Melvin Rogers Stovall III wants to dish out a new kind of dining experience in New Orleans, one bao at a time. He’s the creative entrepreneurial mind behind Midnight Noodle, an amorphous pop-up “restaurant” serving mainly Chinese and Thai-inspired cuisine. His business has no traditional website, no brick-and-mortar building and no regular menu. He refers to himself as an artist first, a chef second. Sometimes he makes house calls, where he comes to your place of residence or business and cooks for you. Other times, he hosts dinner parties at Pax, a DIY restaurant/bar facility on North Claiborne. As long as there is a group of hungry people nearby, location is of little importance.
In December, he’ll host a series of “Hot Pot” events featuring Sichuan food including dumplings of some sort and a few surprises. We don’t know where, or who we’ll end up sitting next to. But that’s kind of the point. The element of surprise and even mystery is intentional. Like the midnight hour after which his business is named, Melvin likes to keep people in the dark, to some degree.
Spending most of his early life between New Orleans and White Castle, Louisiana, Melvin was raised in a big family that hosted big parties. That’s where he developed an appreciation for communal dining and the rewarding feeling that comes with being a good host. He got his start in culinary arts as a baker, which he learned in part through his entrepreneurial mother and the gooey cakes she sold in the community. “I noticed it was a way to freedom, because I was making my own money,” he says of his decision to follow her path around the fifth grade. “It also allowed me to research things and realize that, even if we didn’t have certain ingredients here, I could bring them here and put my own spin on things.”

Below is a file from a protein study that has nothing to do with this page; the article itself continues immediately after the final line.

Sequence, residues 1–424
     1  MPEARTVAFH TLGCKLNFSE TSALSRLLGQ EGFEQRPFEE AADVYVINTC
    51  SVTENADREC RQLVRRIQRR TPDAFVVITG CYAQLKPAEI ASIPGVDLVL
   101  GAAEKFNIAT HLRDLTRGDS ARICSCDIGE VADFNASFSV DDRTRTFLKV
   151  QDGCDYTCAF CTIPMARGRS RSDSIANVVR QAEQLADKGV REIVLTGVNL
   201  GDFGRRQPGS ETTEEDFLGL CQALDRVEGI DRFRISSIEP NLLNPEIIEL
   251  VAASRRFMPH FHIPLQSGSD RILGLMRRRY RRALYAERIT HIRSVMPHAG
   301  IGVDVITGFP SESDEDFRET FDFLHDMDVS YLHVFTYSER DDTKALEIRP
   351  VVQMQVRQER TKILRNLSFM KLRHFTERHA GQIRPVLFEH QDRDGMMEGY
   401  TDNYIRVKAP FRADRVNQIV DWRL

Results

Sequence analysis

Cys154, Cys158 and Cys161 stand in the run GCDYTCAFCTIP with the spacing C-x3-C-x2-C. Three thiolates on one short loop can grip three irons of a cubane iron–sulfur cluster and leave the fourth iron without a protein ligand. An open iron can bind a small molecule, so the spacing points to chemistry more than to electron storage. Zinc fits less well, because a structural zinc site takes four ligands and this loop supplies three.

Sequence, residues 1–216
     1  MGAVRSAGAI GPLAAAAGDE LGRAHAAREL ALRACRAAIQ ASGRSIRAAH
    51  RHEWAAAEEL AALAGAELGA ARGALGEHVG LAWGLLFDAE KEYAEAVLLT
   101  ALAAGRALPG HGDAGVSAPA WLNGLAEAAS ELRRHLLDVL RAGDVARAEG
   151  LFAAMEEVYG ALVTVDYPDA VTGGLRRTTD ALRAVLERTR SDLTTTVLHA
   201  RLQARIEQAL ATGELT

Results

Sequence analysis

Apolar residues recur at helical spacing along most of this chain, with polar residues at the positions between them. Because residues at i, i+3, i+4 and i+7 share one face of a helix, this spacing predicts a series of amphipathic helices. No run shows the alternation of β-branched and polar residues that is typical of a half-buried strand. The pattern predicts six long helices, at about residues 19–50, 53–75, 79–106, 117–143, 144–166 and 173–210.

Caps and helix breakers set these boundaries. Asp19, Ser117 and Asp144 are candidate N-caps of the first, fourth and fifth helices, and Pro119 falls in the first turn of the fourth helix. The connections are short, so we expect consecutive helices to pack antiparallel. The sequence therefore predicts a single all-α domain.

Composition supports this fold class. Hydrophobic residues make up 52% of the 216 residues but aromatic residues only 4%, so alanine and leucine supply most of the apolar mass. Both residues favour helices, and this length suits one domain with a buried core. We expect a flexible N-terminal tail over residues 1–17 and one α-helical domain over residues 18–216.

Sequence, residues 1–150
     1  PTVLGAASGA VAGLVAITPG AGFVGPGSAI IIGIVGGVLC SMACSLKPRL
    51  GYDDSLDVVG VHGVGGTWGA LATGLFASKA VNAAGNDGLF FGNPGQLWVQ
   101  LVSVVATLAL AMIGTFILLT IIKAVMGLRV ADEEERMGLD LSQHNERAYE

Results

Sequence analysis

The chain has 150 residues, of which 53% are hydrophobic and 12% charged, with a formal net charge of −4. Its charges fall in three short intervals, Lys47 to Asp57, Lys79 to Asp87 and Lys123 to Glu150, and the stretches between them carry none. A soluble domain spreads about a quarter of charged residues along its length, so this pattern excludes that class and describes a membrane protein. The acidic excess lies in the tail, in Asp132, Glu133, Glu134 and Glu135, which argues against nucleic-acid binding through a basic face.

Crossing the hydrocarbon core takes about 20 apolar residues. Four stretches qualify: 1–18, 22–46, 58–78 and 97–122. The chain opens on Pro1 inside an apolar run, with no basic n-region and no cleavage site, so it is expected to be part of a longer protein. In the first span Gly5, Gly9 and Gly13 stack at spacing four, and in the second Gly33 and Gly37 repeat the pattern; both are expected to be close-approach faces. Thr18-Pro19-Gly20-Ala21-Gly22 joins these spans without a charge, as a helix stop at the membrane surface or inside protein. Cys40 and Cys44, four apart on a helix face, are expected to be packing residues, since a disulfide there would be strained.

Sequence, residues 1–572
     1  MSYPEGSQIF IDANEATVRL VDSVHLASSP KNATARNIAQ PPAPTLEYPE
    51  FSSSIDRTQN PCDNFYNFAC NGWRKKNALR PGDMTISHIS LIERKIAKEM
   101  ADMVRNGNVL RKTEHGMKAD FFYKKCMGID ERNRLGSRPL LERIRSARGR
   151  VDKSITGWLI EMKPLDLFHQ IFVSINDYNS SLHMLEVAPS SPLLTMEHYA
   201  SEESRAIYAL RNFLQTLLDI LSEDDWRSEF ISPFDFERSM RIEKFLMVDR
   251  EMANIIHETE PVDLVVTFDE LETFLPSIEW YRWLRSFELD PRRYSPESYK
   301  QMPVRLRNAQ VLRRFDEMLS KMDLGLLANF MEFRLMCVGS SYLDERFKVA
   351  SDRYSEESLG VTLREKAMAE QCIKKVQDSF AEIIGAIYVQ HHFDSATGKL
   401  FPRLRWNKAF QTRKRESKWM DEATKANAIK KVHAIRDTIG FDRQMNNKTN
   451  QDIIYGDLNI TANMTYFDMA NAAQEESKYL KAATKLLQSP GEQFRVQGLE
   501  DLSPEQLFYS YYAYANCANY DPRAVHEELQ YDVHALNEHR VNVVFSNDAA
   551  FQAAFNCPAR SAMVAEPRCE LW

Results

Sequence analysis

While living in Los Angeles in 2015, Melvin found himself eating a lot of vegan dishes, though he’d always eaten meat and seafood in the past. The herbivorial life had its challenges at first. “I was like, ‘Damn, y’all ever heard of seasoning? Where’s the flavor?’” He hosted his first pop-up in L.A., where he made smoked shrimp jambalaya and it was a hit. That, coupled with his newly developed appetite for L.A.’s expansive Thai offerings, made him want to bring something back to his hometown.
Once back in New Orleans, he began experimenting. “I wasn’t about to do New Orleans vegan food, because I wasn’t good with substituting. I started with noodles because it was a good way to ‘trojan horse’ my way in. It started with Thai food and I just did pad see ew,” he tells me. “I started noticing people going wild. They were like, ‘This is spicy and it makes my mouth feel crazy, but it didn’t kill me.’ Those were the reactions I was looking for.”
Trips to the Hong Kong Food Market on the Westbank became his pilgrimage and source for ingredients. Bao became part of his bag of delicious tricks, dressed up with things like vegan fish sauce, a “caramel tofu thing” with pickled mustard and more. He began hosting primarily bao-centric meals at local breweries and he noticed people were sharing plates with one another.
Eventually, he developed a dim sum-style affair conducive to small plates and a communal atmosphere, just like that of his family events. A couple of pop-ups at Twelve Mile Limit and Courtyard Brewery behind him, as well as Sidney’s Saloon and Barrel Proof, and it was off to a semi-permanent home inside the Catahoula Hotel in 2018. That residency ended after some acrimony and Melvin has since recalibrated the future of Midnight Noodle.
“Some people are still wondering, ‘Is it a restaurant?’ My focus is on educating people. I do workshops now, but it’s never structured as a traditional workshop. It’s more like you’re being hands-on, and then there’s a dinner party vibe, too. I’m looking at it more like a social club, with a membership that gets you access to dinners, events and products. I’m going to start selling things, like chili sauce. I look at Midnight Noodle as food and a lagniappe.”
For more information on Midnight Noodle, follow @melvinmidnight on Instagram